Sample B19 from The Philadelphia Inquirer, November 5, 1961, p. B 8 "The Voice of the People" The Detroit News, November 17, 1961, p. 8B Used by permission of The Detroit News "The Public Letter Box" A part of the XML version of the Brown Corpus2,013 words 53 (2.6%) quotesB19

Used by permission of The Philadelphia Inquirer

The Philadelphia Inquirer, November 5, 1961, p. B 8

Typographical Errors: demage [0340] iniure [for inure] [1410]

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Ghost town ? ?

To the editor of the Inquirer : I just wish to congratulate Inspector Trimmer and his efficient police troops in cleaning the city of those horrible automobiles . We have now a quiet city , fewer automobiles , less congestion , and fewer retail customers shopping in center city . Good for Mr. Trimmer . Maybe he will help to turn our fair city into a `` ghost '' town .

Defends big trucks to the editor of the Inquirer : I worked on the Schuylkill Expressway and if it had not been for the big trucks carrying rock and concrete there wouldn't be an Expressway . Without these massive trucks highways would still be just an idea of the future .

Mr. George Hough ( Oct. 30 ) sounds like a business man who waits until the last minute to leave his home or shop . The trucks today help pay for this highway . They try to keep within the speed limits . Although today's trucks are as fast as passenger cars , a truck driver has to be a sensible person and guard against hogging the road .

Out of school at 14 to the editor of the Inquirer : The letter writer who suggested saving money by taking kids out of school at 14 should have signed his letter `` simpleton '' instead of `` simplicitude '' . Such kids only wind up among the unemployed on relief or in jail where they become a much bigger burden . There are lots of jobs available for trained high school graduates , but not for the dropouts . What we need is more vocational training in high schools , not more dropouts .

Two wrongs to the editor of the Inquirer : I suppose I am missing some elementary point but I honestly cannot see how two wrongs can make a right ! ! I am referring to this country conducting atmosphere tests of nuclear bombs just because Russia is . Will our bombs be cleaner or will their fallout be less harmful to future generations of children ? ? If an atom bomb in 1945 could destroy an entire city surely the atomic arsenal we now have is more than adequate to fulfill any military objective required of it .

As I see it , if war starts and we survive the initial attack enough to be able to fight back , the nuclear weapons we now have -- at least the bombs -- can inflict all the demage that is necessary . Why do we need bigger and better bombs ? ? I repeat , two wrongs do not make a right .

' we tremble not ' to the editor of the Inquirer : Everyone should take time to read Martin Luther's Hymn `` A Mighty Fortress Is Our God '' .

Especially the first half of the third verse :

out of the race to the editor of the Inquirer : To our everlasting shame , we led the world in this nuclear arms race sixteen years ago when we dropped the first bombs on Hiroshima and Nagasaki .

Having led the world in this mad race I pray that we may have the wisdom and courage to lead it out of the race .

Are we to be the master of the atom , or will the atom be our master -- and destroy us ! !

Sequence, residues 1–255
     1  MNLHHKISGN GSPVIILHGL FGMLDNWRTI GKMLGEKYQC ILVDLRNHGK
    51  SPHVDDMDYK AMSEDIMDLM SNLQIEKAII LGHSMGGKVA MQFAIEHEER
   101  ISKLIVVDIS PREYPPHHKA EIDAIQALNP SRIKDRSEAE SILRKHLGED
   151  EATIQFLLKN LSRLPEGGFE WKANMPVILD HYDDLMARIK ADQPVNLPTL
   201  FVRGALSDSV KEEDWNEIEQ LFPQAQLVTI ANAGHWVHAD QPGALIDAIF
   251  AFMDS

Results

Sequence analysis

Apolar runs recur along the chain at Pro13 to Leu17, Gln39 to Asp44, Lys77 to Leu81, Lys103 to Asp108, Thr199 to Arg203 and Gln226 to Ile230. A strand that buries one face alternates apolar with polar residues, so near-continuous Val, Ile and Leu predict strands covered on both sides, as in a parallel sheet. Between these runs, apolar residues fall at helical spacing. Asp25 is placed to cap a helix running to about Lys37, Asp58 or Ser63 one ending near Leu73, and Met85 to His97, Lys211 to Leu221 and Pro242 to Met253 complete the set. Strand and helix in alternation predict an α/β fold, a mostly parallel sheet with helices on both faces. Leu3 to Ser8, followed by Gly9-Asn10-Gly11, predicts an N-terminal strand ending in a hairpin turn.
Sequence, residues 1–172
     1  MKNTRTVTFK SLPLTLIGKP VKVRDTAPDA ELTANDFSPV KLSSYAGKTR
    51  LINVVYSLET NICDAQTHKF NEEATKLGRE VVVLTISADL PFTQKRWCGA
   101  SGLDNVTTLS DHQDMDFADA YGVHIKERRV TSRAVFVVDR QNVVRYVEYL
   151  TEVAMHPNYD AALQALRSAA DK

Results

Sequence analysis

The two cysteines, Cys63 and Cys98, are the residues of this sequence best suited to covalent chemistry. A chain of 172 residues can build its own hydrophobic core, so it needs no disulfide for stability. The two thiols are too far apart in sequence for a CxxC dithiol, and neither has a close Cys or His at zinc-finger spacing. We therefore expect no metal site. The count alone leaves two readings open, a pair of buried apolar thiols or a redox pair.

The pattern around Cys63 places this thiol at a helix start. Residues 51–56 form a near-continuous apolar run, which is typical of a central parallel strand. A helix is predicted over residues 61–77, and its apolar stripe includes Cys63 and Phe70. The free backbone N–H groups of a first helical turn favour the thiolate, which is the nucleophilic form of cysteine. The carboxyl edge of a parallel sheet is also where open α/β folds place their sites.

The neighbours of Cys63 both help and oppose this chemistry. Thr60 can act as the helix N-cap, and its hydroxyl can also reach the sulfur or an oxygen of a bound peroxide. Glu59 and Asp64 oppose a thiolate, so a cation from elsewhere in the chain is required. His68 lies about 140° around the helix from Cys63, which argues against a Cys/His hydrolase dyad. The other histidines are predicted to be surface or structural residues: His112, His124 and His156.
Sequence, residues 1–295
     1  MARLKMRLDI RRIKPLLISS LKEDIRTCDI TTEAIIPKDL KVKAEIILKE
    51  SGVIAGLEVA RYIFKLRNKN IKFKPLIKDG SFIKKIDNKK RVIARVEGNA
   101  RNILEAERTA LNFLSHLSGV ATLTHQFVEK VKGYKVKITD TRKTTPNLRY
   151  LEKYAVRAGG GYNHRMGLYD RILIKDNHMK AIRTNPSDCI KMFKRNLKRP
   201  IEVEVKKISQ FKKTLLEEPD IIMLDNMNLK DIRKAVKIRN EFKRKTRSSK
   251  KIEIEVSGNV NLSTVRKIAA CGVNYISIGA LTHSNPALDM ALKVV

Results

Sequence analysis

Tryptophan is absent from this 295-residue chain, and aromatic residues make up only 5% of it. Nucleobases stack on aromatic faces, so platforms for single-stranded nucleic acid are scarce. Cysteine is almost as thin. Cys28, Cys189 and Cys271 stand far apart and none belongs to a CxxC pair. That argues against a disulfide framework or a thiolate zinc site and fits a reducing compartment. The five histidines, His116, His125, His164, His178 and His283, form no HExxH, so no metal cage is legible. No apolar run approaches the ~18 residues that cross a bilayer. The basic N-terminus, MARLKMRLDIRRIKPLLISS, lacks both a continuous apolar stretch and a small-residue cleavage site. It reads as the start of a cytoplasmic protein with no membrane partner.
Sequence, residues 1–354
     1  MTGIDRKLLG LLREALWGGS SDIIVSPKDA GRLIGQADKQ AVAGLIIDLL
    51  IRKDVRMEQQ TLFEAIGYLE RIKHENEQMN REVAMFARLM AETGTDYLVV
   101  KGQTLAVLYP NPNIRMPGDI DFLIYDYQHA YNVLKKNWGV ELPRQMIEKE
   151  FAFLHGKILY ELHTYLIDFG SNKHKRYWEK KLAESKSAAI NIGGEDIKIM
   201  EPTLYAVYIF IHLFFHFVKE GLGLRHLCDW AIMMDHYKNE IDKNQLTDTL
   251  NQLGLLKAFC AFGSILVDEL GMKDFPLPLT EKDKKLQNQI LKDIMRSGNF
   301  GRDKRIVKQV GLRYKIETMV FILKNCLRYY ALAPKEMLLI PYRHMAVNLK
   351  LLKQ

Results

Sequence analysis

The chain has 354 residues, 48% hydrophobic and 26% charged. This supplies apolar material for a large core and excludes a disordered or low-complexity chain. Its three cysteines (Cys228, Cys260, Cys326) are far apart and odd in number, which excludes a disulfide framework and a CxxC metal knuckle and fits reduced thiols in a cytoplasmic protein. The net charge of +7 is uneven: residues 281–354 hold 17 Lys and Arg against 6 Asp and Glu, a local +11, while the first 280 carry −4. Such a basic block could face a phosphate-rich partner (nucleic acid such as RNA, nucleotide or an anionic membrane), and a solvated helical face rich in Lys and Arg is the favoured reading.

Why trust Jagan ? ?

To the editor of the Inquirer : Just because Cheddi Jagan , new boss of British Guiana , was educated in the United States is no reason to think he isn't a Red . We have quite a few home-grown specimens of our own . If we go all gooey over this newest Castro ( until he proves he isn't ) we've got rocks in our heads . How many times must we get burned before we learn ? ?

Russia and U.N. to the editor of the Inquirer : Just to remind the Communists that the bombs dropped on Japan were to end a war not start one . The war could have continued many years with many thousands killed on both sides . Intelligent people will admit that bombs and rockets of destruction are frightening whether they fall on Japan , London or Pearl Harbor . That is why the United Nations was formed so that intelligent men with good intentions from all countries could meet and solve problems without resorting to war .

Russia has showed its intentions by exploding bombs in peace time to try to frighten the world . Why aren't the Soviets expelled from the U.N. ? ?

Belated tribute to the editor of the Inquirer : While `` better late than never '' may have certain merits , the posthumous award of the Nobel Prize for Peace to the late Dag Hammarskjold strikes me as less than a satisfactory expression of appreciation . Had it been bestowed while the Secretary General of the United Nations was living , unquestionably he would have been greatly encouraged in pursuing a difficult and , in many ways , thankless task .

According to one report , however , Mr. Hammarskjold was considered `` too controversial '' a figure to warrant bestowal of the coveted honor last spring . Actually , of course , that label `` controversial '' applied only because he was carrying out the mandate given him by the world organization he headed rather than following the dictates of the Soviet Union .

At Khrushchev's door , therefore , can be placed the primary blame but also at fault are those who permitted themselves to be intimidated . It is well for us to remember that a wreath on a coffin never can atone for flowers withheld while they still can be enjoyed . As has happened so often in the past , the ability to recognize true greatness has been inadequate and tardy .

' people to people ' to the editor of the Inquirer : Just a brief note of appreciation to Vice President Johnson and Pakistani camel driver Bashir Ahmad for providing a first-class example of `` people to people '' good will . If only this could be done more often -- with such heartening results -- many of the earth's `` big problems '' would shrink to the insignificances they really are .

P.S. . Thanks for your good coverage of Ahmad's visit , too ! !

Expressway answer : East River Drive to the editor of the Inquirer : Your continuing editorials concerning the Schuylkill Expressway are valuable ; ; however , several pertinent considerations deserve recognition .